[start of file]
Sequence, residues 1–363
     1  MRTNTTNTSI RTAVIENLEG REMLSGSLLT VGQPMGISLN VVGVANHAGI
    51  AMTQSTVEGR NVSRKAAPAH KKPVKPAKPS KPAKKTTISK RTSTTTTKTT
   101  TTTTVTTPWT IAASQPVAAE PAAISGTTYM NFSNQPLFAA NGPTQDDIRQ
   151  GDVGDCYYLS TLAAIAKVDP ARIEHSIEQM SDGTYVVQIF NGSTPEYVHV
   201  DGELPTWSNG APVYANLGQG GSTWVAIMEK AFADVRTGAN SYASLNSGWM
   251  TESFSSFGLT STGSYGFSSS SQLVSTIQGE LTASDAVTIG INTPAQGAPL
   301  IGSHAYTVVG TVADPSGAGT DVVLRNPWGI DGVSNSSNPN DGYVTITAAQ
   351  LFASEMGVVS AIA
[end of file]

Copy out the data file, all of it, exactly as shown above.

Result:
Sequence, residues 1–363
     1  MRTNTTNTSI RTAVIENLEG REMLSGSLLT VGQPMGISLN VVGVANHAGI
    51  AMTQSTVEGR NVSRKAAPAH KKPVKPAKPS KPAKKTTISK RTSTTTTKTT
   101  TTTTVTTPWT IAASQPVAAE PAAISGTTYM NFSNQPLFAA NGPTQDDIRQ
   151  GDVGDCYYLS TLAAIAKVDP ARIEHSIEQM SDGTYVVQIF NGSTPEYVHV
   201  DGELPTWSNG APVYANLGQG GSTWVAIMEK AFADVRTGAN SYASLNSGWM
   251  TESFSSFGLT STGSYGFSSS SQLVSTIQGE LTASDAVTIG INTPAQGAPL
   301  IGSHAYTVVG TVADPSGAGT DVVLRNPWGI DGVSNSSNPN DGYVTITAAQ
   351  LFASEMGVVS AIA